Ever since the Ryzen processors hit retail, AMD has been steadily chipping away at Intel’s market share, so much so that in some countries the Zen-based processors sell way more than their Coffee Lake counterparts. A prime example is Germany, where one of the largest CPU retailers, Mindfactory has been keeping a track of the chips sold since 2011. According to these estimates, Intel has continued to lose customers since last year, with a sharp decline in the last quarter of 2018.
The figures from May highlight AMD’s growing influence while Intel lost another part of its pie, marking the tenth straight month of lagging behind its competitor in terms of the market share. At the end of May, AMD held 66% of the German market share while Intel was reduced to 34%, down from 36% in April. The Ryzen 5 2600 continued its winning streak by being the most popular SKU for the 9th month in a row, and the Ryzen 7 2700X came in second, followed by the Ryzen 6 2600X.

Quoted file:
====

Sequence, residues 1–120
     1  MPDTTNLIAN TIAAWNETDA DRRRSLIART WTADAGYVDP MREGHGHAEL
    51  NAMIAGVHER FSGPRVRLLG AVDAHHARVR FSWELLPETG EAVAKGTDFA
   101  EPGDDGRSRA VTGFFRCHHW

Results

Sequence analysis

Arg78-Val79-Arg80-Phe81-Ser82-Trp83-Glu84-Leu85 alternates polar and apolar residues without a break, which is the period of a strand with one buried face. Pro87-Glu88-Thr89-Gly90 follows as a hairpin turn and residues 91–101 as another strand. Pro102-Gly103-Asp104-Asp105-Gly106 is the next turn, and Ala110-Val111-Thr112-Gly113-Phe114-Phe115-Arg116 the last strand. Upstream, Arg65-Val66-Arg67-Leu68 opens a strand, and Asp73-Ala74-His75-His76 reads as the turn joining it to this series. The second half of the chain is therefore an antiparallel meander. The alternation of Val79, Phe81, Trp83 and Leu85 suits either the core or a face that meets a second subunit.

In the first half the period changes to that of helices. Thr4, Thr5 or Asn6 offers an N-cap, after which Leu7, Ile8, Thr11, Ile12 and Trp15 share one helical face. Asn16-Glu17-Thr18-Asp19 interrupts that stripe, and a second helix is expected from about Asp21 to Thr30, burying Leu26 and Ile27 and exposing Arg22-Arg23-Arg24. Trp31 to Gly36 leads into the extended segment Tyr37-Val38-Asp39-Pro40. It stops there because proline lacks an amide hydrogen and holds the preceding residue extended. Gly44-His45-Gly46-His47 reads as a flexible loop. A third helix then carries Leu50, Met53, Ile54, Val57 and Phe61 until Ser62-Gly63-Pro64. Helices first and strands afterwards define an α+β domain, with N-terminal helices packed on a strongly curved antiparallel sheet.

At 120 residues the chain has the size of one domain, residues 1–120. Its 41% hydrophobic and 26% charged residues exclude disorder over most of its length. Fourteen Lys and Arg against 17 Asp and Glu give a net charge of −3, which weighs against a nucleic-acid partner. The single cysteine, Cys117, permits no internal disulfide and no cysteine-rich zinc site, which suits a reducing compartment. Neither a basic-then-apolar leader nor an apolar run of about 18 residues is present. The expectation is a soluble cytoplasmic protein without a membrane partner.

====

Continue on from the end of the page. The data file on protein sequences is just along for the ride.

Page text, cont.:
On the Intel side, things looked rather grim with the 9th Gen i9, i7 and i5 chips contributing to the lion’s share of the company’s revenue in small, but crucial bits nonetheless.
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Looking at the revenue shares, the deltas are much less prominent, with AMD responsible for 51% of the total revenue, and Intel for the remaining 49%. This can be attributed to the fact that all three of Intel’s top performers cost more than 300 Euros, with the 9700K and 9900K at 400 and 500 Euros, respectively. In contrast, AMD’s core sales come from the sub-200 buck market, primarily the 140-buck Ryzen 5 2600 and the more expensive, but still affordable Ryzen 7 2700X priced at 290. This is still lower than Intel’s average CPU cost of 313 Euros.